Skip to content

A series of podcasts, sharing personal experiences as well as guidance and advice on the support available at the University, is being shared this week to mark National Care Leavers Week (October 26 to November 1).

The podcasts will feature the personal story of Kerry Jones, a recent graduate of Applied Psychology at University Centre Shrewsbury (UCS,) as well as from Helen Cooper from the Widening Participation team and Becca Hughes from Student Support Services about the support put in place by the institution for care experienced students.

Kerry entered foster care at the age of 12, and at 15 was placed with a foster family that gave her the stability and support that she did not experience in her birth family. 

She said: "I was just so filled with anger with society and with my parents, that I could not trust people. My foster parents became my role models and gave me trust and confidence in my abilities. They said: 'We are here to support you no matter what you need' and I just thrived on that commitment.  From that point on, my life turned."

Kerry had her first child, Reece, at the tender age of 14. Alongside the responsibilities of caring for her child and finishing her GCSEs, she had to deal with the negative labelling and stereotypes of being a teenage mother. 

"If it hadn’t been for having my son young, I don't know what path I would have gone down. It could have been a wrong path. Reece was my motivation," said Kerry. "I was just so determined to prove everyone who assumed I was going to be just like my parents wrong, because that was not who I wanted to be."  

Kerry and Reece lived with her foster parents until she became independent at 17, she then transitioned into supported accommodation until the age of 18 and found a home of her own and a job working with adults with learning disabilities.   

Kerry decided she wanted to go to university to build a solid foundation for her small family. She first tried the Open University for a year because she felt the flexibility of online courses would best fit her work and childcare responsibilities. After a year, she began to look at other universities because the course didn't meet her expectations and she visited UCS on an Open Day

"The location was good; the Applied Psychology course sounded very interesting, and the University was small in comparison to a university like Birmingham, which appealed to me,” she said. "Everyone was so friendly and welcoming, I just knew it was the place for me."  

Kerry and her partner, Andrew, moved house and adopted a dog, and she reduced her hours at work to make time for her studies. Then, proving that life doesn't always happen on schedule, she became pregnant - with twins. She was elated as she and Andrew wanted to extend their family but scared she would run into the same labels she had already endured as a teenage mum.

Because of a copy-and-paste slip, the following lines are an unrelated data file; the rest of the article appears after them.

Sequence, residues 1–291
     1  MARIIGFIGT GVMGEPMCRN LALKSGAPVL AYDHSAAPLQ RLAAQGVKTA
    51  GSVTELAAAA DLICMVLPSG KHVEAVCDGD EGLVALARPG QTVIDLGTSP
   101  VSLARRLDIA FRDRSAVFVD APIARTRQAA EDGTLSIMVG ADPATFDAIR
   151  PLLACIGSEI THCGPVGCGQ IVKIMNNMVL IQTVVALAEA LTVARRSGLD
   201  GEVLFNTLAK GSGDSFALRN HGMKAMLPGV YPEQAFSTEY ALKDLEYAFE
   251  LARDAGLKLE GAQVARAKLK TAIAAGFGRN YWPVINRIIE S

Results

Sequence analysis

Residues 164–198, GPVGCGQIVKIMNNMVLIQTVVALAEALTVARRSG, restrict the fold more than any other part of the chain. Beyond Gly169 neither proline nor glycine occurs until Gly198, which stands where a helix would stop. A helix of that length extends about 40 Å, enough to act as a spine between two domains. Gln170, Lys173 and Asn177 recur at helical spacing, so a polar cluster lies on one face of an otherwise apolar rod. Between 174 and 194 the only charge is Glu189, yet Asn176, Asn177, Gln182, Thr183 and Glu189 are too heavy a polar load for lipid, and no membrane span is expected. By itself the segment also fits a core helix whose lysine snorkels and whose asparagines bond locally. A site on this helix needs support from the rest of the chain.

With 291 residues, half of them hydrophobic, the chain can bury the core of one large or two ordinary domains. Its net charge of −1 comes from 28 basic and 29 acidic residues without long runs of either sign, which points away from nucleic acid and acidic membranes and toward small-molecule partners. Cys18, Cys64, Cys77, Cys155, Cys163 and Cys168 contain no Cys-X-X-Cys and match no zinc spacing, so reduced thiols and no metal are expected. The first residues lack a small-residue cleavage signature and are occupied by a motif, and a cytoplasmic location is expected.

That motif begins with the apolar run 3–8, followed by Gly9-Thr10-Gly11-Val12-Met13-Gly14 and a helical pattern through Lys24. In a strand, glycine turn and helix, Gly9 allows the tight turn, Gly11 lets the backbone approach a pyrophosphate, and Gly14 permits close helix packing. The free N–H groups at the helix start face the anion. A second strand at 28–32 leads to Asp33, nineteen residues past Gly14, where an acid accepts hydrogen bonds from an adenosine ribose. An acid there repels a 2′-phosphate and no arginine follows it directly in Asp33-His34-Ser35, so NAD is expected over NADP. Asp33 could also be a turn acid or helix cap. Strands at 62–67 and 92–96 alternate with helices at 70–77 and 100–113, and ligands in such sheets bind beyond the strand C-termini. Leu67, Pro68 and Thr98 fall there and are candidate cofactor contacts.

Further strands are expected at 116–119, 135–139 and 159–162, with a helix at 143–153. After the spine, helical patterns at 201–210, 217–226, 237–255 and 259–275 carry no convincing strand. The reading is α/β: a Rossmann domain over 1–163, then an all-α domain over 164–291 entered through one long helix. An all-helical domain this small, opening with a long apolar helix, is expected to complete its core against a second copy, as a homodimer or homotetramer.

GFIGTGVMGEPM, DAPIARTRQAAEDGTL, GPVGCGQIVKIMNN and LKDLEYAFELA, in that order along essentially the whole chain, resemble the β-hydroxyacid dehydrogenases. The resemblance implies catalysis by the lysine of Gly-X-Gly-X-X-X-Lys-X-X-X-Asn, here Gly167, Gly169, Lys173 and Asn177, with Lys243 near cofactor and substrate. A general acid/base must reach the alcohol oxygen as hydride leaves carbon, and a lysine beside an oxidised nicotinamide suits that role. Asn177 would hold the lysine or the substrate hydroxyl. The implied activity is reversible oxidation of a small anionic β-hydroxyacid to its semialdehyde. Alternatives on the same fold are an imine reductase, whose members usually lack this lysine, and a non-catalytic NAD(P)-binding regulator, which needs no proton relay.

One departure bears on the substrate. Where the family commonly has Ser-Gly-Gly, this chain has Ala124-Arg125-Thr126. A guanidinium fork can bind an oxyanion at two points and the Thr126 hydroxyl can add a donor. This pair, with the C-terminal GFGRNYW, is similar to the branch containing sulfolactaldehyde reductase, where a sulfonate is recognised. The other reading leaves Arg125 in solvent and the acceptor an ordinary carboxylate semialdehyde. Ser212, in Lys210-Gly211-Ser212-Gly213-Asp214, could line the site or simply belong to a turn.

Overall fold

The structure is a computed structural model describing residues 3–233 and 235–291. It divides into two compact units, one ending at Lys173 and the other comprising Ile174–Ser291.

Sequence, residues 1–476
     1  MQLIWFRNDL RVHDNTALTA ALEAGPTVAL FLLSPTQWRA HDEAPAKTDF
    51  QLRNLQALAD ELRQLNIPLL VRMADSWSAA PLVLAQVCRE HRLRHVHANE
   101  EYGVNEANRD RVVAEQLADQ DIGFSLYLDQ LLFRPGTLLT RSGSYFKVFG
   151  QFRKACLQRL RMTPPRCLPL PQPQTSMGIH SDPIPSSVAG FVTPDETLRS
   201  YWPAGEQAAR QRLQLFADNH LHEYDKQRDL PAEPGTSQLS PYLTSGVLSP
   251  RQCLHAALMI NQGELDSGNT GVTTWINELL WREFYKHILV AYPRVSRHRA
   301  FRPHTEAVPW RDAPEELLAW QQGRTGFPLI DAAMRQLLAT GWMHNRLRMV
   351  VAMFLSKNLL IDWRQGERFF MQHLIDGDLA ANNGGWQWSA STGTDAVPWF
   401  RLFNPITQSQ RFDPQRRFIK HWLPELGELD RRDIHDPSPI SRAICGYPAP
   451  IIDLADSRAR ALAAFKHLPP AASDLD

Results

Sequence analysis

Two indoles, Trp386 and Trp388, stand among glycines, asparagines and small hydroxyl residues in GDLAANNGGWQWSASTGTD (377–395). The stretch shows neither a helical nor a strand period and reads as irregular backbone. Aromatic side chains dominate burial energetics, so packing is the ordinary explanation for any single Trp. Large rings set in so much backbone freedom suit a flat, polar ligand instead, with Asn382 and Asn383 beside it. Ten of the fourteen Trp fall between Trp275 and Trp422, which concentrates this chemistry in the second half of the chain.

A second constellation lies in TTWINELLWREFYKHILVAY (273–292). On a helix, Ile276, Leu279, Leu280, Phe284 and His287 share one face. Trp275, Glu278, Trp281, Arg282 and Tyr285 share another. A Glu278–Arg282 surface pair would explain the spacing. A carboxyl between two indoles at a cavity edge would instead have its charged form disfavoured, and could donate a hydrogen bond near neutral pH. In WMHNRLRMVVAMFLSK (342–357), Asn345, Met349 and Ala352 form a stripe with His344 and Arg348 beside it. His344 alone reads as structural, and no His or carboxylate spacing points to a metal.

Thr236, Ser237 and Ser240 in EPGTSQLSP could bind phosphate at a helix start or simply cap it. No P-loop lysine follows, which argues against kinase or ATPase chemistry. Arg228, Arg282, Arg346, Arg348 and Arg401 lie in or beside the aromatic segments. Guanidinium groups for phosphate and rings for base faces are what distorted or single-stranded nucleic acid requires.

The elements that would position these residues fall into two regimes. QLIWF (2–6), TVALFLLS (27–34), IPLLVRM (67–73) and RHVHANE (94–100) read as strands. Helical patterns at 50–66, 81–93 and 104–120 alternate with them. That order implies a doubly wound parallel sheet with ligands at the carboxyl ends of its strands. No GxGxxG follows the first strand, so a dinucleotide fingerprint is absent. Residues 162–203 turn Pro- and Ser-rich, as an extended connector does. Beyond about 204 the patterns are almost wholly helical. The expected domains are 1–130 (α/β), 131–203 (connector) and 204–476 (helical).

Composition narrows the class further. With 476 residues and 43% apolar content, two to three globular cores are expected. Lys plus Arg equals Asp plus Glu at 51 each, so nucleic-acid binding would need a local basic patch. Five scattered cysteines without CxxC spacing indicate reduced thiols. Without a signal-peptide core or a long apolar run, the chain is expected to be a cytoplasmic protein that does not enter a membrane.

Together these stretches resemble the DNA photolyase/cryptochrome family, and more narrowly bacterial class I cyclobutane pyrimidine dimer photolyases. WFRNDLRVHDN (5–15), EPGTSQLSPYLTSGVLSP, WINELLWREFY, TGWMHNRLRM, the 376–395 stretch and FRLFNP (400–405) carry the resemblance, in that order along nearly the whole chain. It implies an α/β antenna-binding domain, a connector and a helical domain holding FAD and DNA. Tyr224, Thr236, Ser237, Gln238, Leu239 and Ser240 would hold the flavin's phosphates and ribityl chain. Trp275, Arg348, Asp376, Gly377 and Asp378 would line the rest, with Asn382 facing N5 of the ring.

"I reverted back to the feeling of being a teenage mother and worried about being negatively labelled and stereotyped, discriminated against really. But in fact that never happened during the second pregnancy. Not once. Everyone was completely supportive. With my consent, my Personal Academic Tutor discreetly let the news out that I was pregnant and nothing changed. My cohort was really supportive and that helped a tremendous amount," said Kerry.  

Kerry continued her studies until her twins, Maisie and Phoebe, were born eight weeks prematurely, after which she took a year off from University to concentrate on being a mother to her three children. She returned to University full-time two years ago. While in her final year Kerry worked in a paid role with Student Support Services and completed her dissertation, ‘Widening participation for care leavers in higher education’. She is graduating with a 2:1 degree

Since leaving the University, Kerry has secured a full-time job with the Mental Health charity, Mind working as a Peer Support Worker, and will be starting a degree in Mental Health Nursing next year. Kerry is keen to pursue a role that focuses on helping others. She added: "My goal is to have a career in which I feel I am making a difference in people's lives,”

David Clarke, Co-ordinator for Academic Quality and Student Support at UCS, said: “We are incredibly proud of Kerry and her experience is so inspiring. The University is a supportive environment for everyone who chooses to study here.We hope that by listening to Kerry’s powerful story and the advice from our experts Helen, Becca and Ella about the support available, others will feel empowered to take a step into their future and learn more about studying with us.”

The podcasts are available on Spotify or on Buzzsprout

Share this content